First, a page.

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Musing #42: Why It’s a Great Time for TWELVE ANGRY [MEN] in NYC, and What It Means to Me (Part II)

Excerpted from Playing with Fire: How Junk Science Sent Claude Garrett to Prison for Life, by journalist Liliana Segura for THE INTERCEPT, 02/24/15:

[One juror] said that “the other jurors hated [Claude], even before his testimony.” [The prosecutor] capitalized on this — he “made sure that emotion controlled the courtroom, not evidence.” [This juror] had tried to argue for a not guilty verdict, he said, but only one other person took his side. As deliberations went on, he was becoming exhausted from working his overnight shift at work and then coming to court. His income was in jeopardy and he did not want to forgo his scheduled visitation with his daughter. So [he] finally gave in, even though “no juror could give a motive” for why Claude would have attacked [his girlfriend], “and then lock(ed) her in a laundry room to die from a fire,” he wrote. For all the [prosecution’s] emphasis on [arson accelerant] pour patterns, in the end, the fire science had not been discussed among the jurors. It had simply come down to “a picture of a drunken redneck that did not deserve a woman like her.”


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Welcome, dearest readers, to Part II of Musing #41: Why It’s a Great Time for TWELVE ANGRY [MEN] in NYC, and What It Means to Me. I’m mostly done with the evasive-but-barely-veiled liberal sociopolitical commentary, I swear. What follows is 95% non-controversial history and personal anecdote.

Part I was “why it’s a great time.” This is “what it means.”

So, y’all did your assigned Googling (and/or, ideally, screening) of TWELVE ANGRY MEN [1957], right?

If yes, good. For we’ll be delving into detail.

If no, uh…

*** SPOILER ALERT!!! ***

You were forewarned.

A major plot point of the dramatic work in question hinges on the sights and sounds of a Manhattan elevated train, or “el” — something which has technically not existed since the Third Avenue Line was closed in 1955; uppermost reaches of the 1 train and lowermost reaches of the Metro-North commuter rail, notwithstanding.


“A Third Avenue Line train passes Cooper Square in the 1950s,
with the Empire State Building in the background.” — Wikipedia

The original, Emmy-winning TWELVE ANGRY MEN teleplay by Reginald Rose — from whence cometh both Rose’s legendary screenplay and Sherman L. Sergel’s far inferior stage adaptation — was written circa 1954. This does not mean, however, that a properly-dramaturged script is incapable of functioning contemporaneously in the 21st century.

Sadly, the tropes endure.

And now, a relevant autobiographical digression.

*   *   *   *   *   *   *   *   *

I lived in Spanish Harlem — a/k/a SpaHa, East Harlem or El Barrio; the area north of 96th Street and east of Fifth Avenue — for six years in the early aughts, beginning on my 22nd birthday (which was two days before 9/11). And life below the poverty line in the last veritable Manhattan slum was other than glamorous.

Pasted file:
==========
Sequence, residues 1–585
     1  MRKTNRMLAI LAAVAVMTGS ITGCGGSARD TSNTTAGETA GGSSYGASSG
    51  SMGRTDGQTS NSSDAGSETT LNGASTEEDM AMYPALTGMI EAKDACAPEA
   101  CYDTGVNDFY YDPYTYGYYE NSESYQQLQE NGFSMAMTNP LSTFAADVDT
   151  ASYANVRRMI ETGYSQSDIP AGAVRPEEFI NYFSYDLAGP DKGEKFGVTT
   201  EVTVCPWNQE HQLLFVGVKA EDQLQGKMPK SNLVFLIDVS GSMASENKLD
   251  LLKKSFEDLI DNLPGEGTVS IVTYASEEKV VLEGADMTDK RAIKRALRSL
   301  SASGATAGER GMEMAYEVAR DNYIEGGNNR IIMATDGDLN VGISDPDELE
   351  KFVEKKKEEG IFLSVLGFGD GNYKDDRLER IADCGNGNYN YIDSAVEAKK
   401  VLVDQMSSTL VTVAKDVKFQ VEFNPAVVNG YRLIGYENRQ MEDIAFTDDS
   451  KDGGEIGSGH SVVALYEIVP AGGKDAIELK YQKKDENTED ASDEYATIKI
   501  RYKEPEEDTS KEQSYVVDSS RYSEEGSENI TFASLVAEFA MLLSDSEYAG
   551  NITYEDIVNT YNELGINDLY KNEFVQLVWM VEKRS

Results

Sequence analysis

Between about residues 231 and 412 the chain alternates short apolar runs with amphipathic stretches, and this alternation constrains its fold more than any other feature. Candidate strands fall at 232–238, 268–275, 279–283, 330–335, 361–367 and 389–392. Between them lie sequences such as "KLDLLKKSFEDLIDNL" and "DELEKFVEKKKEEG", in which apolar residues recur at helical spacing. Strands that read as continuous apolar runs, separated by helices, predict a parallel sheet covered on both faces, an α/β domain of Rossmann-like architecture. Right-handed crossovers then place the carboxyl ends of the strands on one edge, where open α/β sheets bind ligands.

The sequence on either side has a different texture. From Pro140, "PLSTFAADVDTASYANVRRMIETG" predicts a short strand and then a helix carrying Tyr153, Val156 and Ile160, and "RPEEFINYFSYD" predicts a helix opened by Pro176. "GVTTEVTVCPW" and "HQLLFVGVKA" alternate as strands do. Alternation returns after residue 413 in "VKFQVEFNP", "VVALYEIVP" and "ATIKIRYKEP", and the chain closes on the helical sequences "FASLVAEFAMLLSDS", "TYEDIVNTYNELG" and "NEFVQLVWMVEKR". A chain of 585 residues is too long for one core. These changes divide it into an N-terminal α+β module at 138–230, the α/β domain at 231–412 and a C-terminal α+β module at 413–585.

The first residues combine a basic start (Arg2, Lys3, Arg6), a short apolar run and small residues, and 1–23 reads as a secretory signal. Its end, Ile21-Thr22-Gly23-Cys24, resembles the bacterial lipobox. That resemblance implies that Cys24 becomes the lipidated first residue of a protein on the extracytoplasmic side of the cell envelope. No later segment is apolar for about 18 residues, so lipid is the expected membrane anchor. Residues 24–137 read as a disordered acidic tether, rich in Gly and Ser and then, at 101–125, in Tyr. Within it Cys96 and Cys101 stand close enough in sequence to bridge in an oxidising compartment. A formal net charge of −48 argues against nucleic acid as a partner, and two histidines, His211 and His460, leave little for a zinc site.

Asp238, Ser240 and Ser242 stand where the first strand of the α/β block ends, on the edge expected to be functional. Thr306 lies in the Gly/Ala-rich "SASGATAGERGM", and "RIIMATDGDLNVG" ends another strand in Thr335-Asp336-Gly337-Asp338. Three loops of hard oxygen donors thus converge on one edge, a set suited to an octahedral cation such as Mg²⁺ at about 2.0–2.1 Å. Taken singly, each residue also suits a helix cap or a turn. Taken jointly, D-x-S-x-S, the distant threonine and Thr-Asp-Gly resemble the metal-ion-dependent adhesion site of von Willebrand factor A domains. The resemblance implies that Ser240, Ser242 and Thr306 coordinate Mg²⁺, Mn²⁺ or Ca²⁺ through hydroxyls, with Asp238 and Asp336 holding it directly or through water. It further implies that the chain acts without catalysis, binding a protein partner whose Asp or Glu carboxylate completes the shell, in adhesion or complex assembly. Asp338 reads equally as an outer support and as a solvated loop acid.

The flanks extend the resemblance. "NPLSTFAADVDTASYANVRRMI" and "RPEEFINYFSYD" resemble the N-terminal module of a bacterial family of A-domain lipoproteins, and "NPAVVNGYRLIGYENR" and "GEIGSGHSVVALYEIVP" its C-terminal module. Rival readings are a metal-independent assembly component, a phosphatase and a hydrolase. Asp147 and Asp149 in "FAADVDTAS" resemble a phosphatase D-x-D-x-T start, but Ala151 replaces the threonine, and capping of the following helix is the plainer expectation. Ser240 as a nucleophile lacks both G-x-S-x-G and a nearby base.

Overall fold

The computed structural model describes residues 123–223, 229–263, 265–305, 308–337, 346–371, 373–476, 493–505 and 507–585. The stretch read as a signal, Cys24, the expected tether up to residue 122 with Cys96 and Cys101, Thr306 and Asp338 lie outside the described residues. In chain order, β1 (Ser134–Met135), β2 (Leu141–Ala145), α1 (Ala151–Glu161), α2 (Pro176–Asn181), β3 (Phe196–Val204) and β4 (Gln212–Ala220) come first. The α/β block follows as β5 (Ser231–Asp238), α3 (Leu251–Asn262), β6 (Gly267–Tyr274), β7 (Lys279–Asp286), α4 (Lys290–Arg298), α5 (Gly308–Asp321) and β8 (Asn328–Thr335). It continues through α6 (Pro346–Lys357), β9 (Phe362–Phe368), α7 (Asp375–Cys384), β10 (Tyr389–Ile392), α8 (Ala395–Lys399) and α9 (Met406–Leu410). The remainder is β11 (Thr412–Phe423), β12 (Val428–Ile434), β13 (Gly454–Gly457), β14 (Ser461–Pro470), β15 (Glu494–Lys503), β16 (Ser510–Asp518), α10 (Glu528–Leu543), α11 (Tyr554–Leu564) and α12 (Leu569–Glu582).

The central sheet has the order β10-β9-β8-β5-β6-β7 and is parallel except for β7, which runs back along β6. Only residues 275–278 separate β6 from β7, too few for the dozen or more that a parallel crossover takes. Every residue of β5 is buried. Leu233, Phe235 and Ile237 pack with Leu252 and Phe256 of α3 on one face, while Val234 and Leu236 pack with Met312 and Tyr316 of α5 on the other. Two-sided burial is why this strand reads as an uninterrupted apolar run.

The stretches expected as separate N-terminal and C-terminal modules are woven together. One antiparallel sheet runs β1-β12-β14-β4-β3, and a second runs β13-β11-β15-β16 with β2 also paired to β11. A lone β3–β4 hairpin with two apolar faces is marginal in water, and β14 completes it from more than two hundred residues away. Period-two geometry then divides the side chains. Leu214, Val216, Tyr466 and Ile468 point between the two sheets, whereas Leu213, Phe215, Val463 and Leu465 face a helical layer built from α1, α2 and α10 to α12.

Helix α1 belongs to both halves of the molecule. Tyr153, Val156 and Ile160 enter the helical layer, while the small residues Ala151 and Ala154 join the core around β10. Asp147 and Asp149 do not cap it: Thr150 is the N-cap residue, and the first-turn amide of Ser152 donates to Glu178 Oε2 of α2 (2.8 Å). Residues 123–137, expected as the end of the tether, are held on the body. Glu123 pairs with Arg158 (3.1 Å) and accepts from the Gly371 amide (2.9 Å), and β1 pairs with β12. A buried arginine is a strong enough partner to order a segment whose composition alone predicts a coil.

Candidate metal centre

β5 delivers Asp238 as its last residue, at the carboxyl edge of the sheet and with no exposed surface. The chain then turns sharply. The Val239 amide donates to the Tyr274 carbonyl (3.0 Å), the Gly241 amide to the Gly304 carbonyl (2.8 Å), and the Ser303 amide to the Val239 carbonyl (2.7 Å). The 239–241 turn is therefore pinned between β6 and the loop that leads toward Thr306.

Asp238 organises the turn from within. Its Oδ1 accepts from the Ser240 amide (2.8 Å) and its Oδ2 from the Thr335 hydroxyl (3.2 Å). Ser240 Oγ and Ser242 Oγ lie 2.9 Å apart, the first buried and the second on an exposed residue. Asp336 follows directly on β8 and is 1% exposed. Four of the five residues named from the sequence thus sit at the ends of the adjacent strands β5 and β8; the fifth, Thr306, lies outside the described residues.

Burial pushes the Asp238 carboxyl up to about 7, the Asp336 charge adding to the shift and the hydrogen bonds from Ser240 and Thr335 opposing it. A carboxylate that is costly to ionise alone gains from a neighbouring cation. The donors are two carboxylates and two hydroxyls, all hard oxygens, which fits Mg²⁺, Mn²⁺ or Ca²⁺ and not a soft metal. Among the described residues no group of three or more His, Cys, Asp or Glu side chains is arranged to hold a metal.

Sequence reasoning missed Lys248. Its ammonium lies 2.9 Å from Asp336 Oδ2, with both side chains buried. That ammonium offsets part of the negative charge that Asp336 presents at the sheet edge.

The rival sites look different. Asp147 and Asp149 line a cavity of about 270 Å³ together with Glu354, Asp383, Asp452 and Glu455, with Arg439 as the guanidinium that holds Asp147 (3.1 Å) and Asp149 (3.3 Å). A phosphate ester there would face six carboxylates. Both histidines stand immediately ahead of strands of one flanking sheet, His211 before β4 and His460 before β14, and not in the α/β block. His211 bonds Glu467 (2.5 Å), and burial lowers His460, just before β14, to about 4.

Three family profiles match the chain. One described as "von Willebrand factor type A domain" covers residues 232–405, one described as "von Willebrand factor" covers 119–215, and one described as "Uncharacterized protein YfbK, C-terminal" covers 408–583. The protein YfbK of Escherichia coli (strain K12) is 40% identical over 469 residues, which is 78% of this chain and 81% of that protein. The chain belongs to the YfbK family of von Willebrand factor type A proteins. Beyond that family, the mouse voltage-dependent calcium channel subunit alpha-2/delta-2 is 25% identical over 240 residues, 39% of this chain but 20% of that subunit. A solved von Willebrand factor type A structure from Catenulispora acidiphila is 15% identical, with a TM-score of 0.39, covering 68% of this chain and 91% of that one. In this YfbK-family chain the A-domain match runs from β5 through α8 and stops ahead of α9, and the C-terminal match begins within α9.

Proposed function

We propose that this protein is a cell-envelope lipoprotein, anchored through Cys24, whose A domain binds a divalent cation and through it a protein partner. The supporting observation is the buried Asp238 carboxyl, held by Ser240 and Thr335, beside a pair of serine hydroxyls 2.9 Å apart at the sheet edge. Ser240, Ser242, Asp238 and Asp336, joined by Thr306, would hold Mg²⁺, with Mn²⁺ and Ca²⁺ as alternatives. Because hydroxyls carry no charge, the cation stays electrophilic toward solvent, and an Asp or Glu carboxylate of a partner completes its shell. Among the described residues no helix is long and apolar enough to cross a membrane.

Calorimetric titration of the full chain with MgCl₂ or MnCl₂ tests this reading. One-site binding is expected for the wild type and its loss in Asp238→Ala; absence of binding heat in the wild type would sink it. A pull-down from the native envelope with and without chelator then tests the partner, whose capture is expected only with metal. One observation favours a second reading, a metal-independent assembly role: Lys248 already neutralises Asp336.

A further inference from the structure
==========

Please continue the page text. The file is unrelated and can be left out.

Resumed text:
OK, fine.

It was squalor.

But that wasn’t the fault of the spirited ethnic ghetto I called home for one contiguous sixth of my ridiculous life; a home I could afford, for and to which I’ll be grateful in perpetuity.

OK, fine.

It was partly due to the ‘hood’s abysmal condition and the chronic stepping-over of unconscious crackheads — yes, literal ones — lying supine on my stoop. (They were nice people, by the way.) It’s hard to muster any gusto for the Sisyphean task of cleaning a dark, dank, stank, garbage-strewn, vermin-riddled, hundred-year-old tenement with crumbling, paper-thin walls and neighbors who dump their dirty washing water on the hallway floors.

The foul water dumping still boggles my mind. Had they no toilet?!

Legitimate possibility.

For six straight years, I tossed mice still living on the traps to which they were stuck out my living room windows. No one cared. Such is the ‘hood.

But slum livin’ or otherwise, ultimately, I can blame my years of lazy SpaHa putrescence on no one but myself, my bank account and a small group of equally poor and Pigpen-ish, collectively enabling (but ever dear) former roommates.

OK, fine.

I confess to being the second-grossest of the lot.


So sorry, former roomies, for all the years of filth!

I was, in the first of my two rodent-infested SpaHa hovels — the one from which I banned my visiting parents, in abject shame — a kitchen-dweller. The lone barrier between the foot of my bed and the fridge was the garment rack that functioned as my closet. The long edge of my bed was only (barely) obscured from the front door by a heavy, brown wicker “Chinese” shade.

Later in that same tenancy, I moved my bed into the actual closet.

$400 a month for Manhattan, people!

The apartment most relevant to TWELVE ANGRY MEN, however, was my second SpaHa rathole — the one situated parallel to the Metro-North tracks — depicted below: